The World Health Organisation advised on 12th March, 2020 that COVID-19 is now declared a pandemic. At that time, any likelihood of matters being “Business as Usual” were dashed. With a slow response from China to notify the global community of this new disease, the first ability to break the Chain of Spread was lost. Furthermore, Australians had been on edge for months throughout the bushfire crisis, with loss of life, people losing homes, smoke extending from our fires all the way to South America, a media frenzy as well, an already alarmed population was not likely to be ready to brace for what was still yet to come.
Then just when we felt like this choking summer was going to relent, we are now in the grip of COVID-19. So, having been starved of quality air for months, only to land amid a condition that is also a burden to the cardiovascular and respiratory systems. We have seen the best and worst of society, with doctors working incredibly hard to respond, to people fighting over toilet paper. While it can all appear to be doom and gloom, it is important to remain positive. The fight is only just beginning.
As per a WHO website quotes:
“…Let me be clear: describing this as a pandemic does not mean that countries should give up. The idea that countries should shift from containment to mitigation is wrong and dangerous…” – Dr Tedros Adhanom Ghebreyesus, WHO’s Director-General, advised after the pandemic declaration.
Nasdaq also reports that there are medical companies that are making real headway in working towards vaccines and treatment. Heat Biologics are working in cooperation with the University of Miami to develop a “gp96 heat shock protein” that could both create a vaccine and potentially treat COVID-19. From a business perspective it was noted that the share price rose over 170% on the back of news of the collaboration.
Obviously, interest in telemedicine has been at an all time high. Personally my experience in this business has shown that the platform is hard to make financially viable for many organisations, as well as present issues surrounding ability to provide accurate diagnoses by photos or “facetime” and legalities regarding prescriptions. Nonetheless, Healthdirect (www.healthdirect.gov.au) have been instrumental in filling the void, and this will most likely lead to opening this market.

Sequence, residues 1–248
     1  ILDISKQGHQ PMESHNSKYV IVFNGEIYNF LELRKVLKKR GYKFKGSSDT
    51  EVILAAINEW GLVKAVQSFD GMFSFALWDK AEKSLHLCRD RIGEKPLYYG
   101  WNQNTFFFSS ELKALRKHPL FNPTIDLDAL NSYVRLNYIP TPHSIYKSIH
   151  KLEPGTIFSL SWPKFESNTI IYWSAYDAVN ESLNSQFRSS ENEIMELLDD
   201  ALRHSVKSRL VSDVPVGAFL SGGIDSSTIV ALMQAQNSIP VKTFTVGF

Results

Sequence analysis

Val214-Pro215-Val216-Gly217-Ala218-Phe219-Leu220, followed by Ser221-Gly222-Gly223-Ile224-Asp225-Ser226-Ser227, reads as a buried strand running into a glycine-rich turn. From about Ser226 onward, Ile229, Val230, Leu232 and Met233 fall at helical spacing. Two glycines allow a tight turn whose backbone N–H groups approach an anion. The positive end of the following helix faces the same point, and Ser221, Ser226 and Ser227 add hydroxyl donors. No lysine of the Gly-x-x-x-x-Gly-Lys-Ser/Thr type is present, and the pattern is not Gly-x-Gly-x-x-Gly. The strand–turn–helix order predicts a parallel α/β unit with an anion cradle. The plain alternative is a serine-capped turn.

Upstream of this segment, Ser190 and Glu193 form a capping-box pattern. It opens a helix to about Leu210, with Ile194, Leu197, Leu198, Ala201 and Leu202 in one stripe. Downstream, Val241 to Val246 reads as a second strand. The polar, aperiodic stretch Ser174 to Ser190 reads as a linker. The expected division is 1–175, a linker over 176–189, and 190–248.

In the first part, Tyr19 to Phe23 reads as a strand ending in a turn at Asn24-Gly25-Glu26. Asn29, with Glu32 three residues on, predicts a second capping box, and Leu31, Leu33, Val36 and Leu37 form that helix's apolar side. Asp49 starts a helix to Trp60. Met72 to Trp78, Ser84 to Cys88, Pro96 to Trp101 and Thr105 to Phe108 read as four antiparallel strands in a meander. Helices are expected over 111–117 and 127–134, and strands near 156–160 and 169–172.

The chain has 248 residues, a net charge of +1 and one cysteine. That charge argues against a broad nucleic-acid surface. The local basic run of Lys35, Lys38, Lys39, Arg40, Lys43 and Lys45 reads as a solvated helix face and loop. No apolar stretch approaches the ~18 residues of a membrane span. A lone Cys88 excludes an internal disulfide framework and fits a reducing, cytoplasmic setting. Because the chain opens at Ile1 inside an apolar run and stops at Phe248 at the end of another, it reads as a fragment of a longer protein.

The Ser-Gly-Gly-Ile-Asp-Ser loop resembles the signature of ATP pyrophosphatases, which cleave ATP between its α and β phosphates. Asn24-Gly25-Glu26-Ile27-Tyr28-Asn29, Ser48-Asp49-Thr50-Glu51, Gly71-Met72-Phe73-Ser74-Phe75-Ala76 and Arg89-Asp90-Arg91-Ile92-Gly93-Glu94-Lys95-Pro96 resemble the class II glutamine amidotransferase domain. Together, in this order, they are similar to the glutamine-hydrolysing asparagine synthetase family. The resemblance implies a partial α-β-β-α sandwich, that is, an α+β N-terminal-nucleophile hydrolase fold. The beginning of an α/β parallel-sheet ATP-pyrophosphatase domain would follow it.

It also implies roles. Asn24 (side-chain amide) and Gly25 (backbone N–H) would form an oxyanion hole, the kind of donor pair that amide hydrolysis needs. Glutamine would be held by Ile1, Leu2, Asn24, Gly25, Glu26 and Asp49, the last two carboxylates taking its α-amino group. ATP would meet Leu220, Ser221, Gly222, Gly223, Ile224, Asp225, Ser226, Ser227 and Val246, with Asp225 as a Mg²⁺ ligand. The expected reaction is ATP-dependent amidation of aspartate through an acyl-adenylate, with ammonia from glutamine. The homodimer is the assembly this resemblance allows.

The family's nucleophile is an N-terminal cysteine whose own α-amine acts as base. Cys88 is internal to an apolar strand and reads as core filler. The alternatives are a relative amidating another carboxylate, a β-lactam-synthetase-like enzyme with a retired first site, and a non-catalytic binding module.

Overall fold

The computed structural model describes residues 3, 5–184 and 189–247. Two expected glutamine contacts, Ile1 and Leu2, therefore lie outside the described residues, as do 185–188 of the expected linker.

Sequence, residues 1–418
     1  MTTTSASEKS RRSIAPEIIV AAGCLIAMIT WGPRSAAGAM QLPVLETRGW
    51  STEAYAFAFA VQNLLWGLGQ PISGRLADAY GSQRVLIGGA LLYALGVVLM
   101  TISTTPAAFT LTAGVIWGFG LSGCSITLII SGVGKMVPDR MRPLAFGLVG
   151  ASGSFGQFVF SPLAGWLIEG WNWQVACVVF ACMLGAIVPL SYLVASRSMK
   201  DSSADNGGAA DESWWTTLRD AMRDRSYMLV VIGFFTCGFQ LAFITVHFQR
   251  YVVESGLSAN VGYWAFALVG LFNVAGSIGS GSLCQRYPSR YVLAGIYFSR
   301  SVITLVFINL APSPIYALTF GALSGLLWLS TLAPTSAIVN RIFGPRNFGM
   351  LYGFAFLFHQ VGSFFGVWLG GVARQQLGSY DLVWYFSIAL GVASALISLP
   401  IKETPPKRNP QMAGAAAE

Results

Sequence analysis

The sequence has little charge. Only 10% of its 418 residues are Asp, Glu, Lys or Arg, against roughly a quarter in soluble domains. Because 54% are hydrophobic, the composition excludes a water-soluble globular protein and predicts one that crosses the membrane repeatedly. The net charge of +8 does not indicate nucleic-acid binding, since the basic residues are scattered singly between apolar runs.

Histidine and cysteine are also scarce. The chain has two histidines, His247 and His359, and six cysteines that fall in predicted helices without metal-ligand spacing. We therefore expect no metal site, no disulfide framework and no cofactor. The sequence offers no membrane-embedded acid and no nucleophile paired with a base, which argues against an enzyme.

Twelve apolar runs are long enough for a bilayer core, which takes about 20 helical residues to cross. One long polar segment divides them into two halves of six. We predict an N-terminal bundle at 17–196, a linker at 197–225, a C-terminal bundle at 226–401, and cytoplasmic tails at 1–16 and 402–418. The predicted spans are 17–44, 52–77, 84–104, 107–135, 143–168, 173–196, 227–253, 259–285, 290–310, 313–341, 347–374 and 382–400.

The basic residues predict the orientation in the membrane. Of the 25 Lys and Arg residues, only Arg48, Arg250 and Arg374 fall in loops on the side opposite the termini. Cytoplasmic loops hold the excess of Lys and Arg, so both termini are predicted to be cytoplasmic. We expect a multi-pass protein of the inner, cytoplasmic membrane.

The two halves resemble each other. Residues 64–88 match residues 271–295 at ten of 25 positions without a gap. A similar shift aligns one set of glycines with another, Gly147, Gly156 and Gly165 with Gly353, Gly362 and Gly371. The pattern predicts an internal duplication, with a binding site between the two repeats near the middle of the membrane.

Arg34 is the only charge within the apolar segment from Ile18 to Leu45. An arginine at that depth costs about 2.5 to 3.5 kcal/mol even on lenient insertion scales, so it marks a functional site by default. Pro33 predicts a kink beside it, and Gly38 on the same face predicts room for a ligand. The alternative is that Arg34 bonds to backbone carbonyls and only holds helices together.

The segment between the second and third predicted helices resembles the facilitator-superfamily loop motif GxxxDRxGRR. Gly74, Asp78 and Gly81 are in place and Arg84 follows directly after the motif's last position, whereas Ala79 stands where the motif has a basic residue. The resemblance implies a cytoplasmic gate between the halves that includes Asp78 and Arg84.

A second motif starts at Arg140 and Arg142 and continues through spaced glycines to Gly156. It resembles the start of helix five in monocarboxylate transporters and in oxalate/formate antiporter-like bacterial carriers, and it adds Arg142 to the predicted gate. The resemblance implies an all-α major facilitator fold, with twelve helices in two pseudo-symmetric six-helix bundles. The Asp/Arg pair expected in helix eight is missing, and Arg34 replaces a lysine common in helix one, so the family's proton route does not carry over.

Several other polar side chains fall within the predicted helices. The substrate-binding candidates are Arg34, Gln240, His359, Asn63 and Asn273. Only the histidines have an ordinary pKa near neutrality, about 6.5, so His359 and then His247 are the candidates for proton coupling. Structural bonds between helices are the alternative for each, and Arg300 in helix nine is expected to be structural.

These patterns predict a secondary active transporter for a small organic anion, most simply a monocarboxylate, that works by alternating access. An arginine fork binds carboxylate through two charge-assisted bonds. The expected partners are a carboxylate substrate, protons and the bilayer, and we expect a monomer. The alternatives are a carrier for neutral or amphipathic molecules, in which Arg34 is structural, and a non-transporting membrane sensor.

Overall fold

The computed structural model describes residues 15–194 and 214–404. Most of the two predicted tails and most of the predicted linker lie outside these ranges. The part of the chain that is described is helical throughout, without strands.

In terms of the disease itself, COVID-19 is very virulent, however mortality rate is low; in developed countries it often is less than 1%. The WHO and government medical departments have done a great job on informing the public of the best ways to contain the spread. One thing history tells us is that we should follow the advice of Dr Ghebreyesus, in remaining positive, trying to prevent spread and not simply apply mitigation factors. As viruses naturally evolve due to genetic factors, there are risks of mutation and potentially a “nastier” strain. That said, it is typical of viruses to have lower mortality rates over time, and virology to also reduce.
Viruses are like all organisms; they have instincts and they need a host (food) to continue to thrive themselves. If they kill the food source, then they will die too. If we look at the behaviours of SARS, Ebola, H1N1, Swine Flu and even bubonic plague, we can see trends in how these diseases behave. Whilst we should be at the ready for the current situation to develop, we should also be mindful that there are obvious trends that happen, and our medical response capabilities are much better than they were in 1347.
Whilst financial markets, media, the broader population and even governmental departments are amid panic, we within the medical fraternity should be looking at this with a level head. It is what we do, and it is what the public needs from us right now.
This is an opinion piece from Matthew Gregor Consulting. If you want further advice please contact the Healthcare Channel or Matthew Gregor Consulting
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